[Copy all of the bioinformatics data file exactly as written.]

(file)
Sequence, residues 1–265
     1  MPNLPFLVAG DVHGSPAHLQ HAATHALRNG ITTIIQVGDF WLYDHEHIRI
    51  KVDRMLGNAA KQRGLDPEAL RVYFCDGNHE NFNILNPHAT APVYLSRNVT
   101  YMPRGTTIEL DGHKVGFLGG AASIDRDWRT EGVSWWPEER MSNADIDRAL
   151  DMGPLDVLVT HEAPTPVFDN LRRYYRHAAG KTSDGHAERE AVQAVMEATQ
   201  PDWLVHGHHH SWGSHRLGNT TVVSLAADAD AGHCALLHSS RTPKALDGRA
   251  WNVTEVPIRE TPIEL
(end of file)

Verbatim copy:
Sequence, residues 1–265
     1  MPNLPFLVAG DVHGSPAHLQ HAATHALRNG ITTIIQVGDF WLYDHEHIRI
    51  KVDRMLGNAA KQRGLDPEAL RVYFCDGNHE NFNILNPHAT APVYLSRNVT
   101  YMPRGTTIEL DGHKVGFLGG AASIDRDWRT EGVSWWPEER MSNADIDRAL
   151  DMGPLDVLVT HEAPTPVFDN LRRYYRHAAG KTSDGHAERE AVQAVMEATQ
   201  PDWLVHGHHH SWGSHRLGNT TVVSLAADAD AGHCALLHSS RTPKALDGRA
   251  WNVTEVPIRE TPIEL